WARNING: EXPOSING THE TRUTH MAY BE HAZARDOUS.
I work for a major newspaper in Scandinavia. That means we are a powerful voice in the Swedish media landscape. But just like every other newspaper or network, we are owned by somebody, in this case a Norwegian corporation. The relationship between us and our owners is complicated, as it should be. On the business side, I’m sure no one considers that relationship to be particularly complex; everybody has a boss and you get paid to serve those in charge and do a good job. But a newsroom must be independent to a certain degree; otherwise, it can’t deliver good journalism. The story of The Insider (1999) depicts a conflict familiar to every reporter.
In the mid-1990s, Jeffrey Wigand (Russell Crowe) is a research and development executive at the Brown & Williamson tobacco company who’s fired after an argument with the CEO (Michael Gambon). Wigand is a doctor of biochemistry initially hired by the company to find safer ways of delivering nicotine to smokers without increasing the harm of other tobacco compounds. Wigand wasn’t terribly successful, constantly clashing with a company that was more interested in making money rather than trying to reduce damage to its customers’ health. After his firing, Wigand is pressured into signing a confidentiality agreement that forbids him to disclose anything about his work at Brown & Williamson. However, Wigand makes contact with Lowell Bergman (Al Pacino), a 60 Minutes producer who becomes interested in making a segment about the tobacco industry…
Powerful corporations protecting its interests
This real-life story was chronicled by Marie Brenner in a Vanity Fair article called ”The Man Who Knew Too Much”, and it’s a juicy one. Wigand claimed that he and his family were threatened in several ways after the revelation that he was working with 60 Minutes. No one was ever charged with anything, but the film draws a clear connection to Brown & Williamson (without ever saying so). That’s one piece of an intriguing puzzle. What’s more important for this drama though is how people get caught in the middle when powerful corporations do everything in their power to protect their interests. We have a tobacco company that’s been hiding its dirty secrets for years and is now making moves against a former employer who might reveal them, and we have a media company that doesn’t want a billion-dollar law suit against them and pressures its flagship institution to do the wrong thing and suppress a news story that’s very much in the public interest. The conflict inside CBS stands between Bergman and his superiors… but it also causes a rift between him and Mike Wallace (Christopher Plummer), the superstar of 60 Minutes who does not want to ”spend the last years of his career on PBS”. The primary showdown involves seemingly dry issues like ethics and journalistic principles, but then there’s also the character of Jeffrey Wigand. He’s there to make sure we invest emotionally in the story. He’s not a perfect hero; Crowe plays him as a flawed, ill-tempered person, but that’s why we remain interested in him. We don’t really get as close to Bergman, the other hero of the story, but Pacino delivers such a compelling performance anyway that we instantly sympathize with him.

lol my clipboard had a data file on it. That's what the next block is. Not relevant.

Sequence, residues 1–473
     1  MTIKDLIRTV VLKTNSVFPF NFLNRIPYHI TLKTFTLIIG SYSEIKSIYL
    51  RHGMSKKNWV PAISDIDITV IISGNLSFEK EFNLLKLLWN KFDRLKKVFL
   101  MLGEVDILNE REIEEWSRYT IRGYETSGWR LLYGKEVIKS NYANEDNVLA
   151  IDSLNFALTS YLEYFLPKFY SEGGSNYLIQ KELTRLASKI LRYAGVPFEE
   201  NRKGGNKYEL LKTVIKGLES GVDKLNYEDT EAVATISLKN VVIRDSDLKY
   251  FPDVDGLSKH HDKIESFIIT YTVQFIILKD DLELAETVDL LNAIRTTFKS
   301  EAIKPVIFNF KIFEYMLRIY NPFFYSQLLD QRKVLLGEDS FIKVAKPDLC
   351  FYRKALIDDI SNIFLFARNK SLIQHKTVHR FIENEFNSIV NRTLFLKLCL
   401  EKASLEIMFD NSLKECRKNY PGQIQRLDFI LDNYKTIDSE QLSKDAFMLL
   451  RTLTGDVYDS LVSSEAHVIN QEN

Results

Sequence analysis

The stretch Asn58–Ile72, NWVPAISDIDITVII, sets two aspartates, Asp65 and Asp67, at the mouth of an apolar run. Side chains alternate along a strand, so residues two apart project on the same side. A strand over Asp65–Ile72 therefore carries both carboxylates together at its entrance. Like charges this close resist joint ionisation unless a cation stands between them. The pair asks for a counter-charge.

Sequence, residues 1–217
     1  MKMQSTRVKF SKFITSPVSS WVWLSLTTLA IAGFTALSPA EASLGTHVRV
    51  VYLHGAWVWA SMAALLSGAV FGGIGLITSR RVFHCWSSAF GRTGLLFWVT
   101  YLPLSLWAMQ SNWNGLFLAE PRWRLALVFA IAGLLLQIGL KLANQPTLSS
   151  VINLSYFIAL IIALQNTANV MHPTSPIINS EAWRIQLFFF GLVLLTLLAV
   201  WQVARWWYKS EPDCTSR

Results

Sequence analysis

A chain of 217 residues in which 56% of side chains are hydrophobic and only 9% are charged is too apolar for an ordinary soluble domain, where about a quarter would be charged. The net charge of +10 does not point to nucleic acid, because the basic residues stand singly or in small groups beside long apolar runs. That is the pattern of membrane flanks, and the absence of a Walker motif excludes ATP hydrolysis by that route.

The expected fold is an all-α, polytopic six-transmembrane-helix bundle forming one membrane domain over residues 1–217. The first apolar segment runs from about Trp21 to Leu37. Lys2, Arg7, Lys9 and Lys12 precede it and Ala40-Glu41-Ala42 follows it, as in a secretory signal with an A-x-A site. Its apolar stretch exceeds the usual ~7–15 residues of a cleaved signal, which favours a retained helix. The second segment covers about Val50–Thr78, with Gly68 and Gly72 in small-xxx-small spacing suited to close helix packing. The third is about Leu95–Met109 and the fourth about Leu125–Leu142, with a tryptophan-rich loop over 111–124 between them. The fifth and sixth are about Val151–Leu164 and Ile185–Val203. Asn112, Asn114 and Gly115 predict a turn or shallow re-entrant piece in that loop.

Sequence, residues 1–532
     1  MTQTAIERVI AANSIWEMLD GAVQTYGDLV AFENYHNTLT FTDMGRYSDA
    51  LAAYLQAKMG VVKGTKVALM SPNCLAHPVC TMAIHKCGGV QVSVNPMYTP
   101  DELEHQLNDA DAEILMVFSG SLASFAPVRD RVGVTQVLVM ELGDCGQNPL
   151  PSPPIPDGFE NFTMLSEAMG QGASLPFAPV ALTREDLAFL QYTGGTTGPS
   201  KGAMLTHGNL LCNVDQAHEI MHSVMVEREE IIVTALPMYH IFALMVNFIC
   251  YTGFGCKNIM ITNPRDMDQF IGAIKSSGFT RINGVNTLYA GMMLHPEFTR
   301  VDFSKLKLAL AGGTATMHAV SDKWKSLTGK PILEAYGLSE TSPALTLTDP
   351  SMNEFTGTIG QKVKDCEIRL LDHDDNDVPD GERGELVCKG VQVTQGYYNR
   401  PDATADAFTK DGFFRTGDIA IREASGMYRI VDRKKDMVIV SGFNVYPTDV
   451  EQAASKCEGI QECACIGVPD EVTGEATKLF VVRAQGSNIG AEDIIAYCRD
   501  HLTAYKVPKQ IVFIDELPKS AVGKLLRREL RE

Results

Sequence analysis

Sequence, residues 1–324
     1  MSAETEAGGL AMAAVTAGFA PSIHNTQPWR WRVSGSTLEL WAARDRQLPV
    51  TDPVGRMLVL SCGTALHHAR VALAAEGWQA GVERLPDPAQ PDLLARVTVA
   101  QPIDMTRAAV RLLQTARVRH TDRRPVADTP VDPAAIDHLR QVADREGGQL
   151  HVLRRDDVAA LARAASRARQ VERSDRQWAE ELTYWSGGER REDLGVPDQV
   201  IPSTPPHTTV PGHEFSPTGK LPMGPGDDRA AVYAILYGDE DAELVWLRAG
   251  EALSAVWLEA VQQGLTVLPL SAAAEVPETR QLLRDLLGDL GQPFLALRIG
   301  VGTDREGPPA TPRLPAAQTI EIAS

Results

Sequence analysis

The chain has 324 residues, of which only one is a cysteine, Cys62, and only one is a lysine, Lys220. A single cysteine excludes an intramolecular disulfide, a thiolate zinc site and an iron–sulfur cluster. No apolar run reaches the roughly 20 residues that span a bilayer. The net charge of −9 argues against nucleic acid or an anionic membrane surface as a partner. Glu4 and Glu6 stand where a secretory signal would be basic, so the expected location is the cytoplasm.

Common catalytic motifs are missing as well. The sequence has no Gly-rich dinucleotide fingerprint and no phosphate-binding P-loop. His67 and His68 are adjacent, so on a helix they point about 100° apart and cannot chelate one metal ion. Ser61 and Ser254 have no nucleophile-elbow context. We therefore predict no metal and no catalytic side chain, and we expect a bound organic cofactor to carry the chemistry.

Michael Mann is famous for tense, smooth thrillers like Heat (1995), which also co-starred Pacino, and he brings that edge to this drama; many scenes take place in the evening or at nighttime, creating an atmosphere rife for both contemplation and confrontation. Mann is an expert at that, and he doesn’t need guns blazing to conjure tension.
The Insider 1999-U.S. 157 min. Color. Widescreen. Produced by Pieter Jan Brugge, Michael Mann. Directed by Michael Mann. Screenplay: Eric Roth, Michael Mann. Cinematography: Dante Spinotti. Cast: Al Pacino (Lowell Bergman), Russell Crowe (Jeffrey Wigand), Christopher Plummer (Mike Wallace), Diane Venora, Philip Baker Hall, Lindsay Crouse… Stephen Tobolowsky, Gina Gershon, Michael Gambon, Rip Torn.
Trivia: Val Kilmer was considered for the part of Wigand.
Last word: “[Mike Wallace] would call me, and have these engaging dialogues. They were funny, they were hilarious. And halfway through one of them I said, ‘Mike, do you mind if I record this?’ And he said, ‘Why?’ And I said , ‘Because I want to put this right into the movie.’ ‘Turn on your tape recorder dear boy.’ And I did, and much of what Wallace says in that speech, particularly, ‘How fortunate I am to have to have Lowell Bergman to shine a light on the path of moral rectitude.’ That’s directly a quote from him. So we had a lot of dialogue, I had a lot of dialogue while this was going on, and the film was dead [accurate], it’s not just accurate, it’s authentic. And, a higher standard, and I know it injured Wallace, and I feel bad that it injured him.” (Mann, The Hollywood Reporter)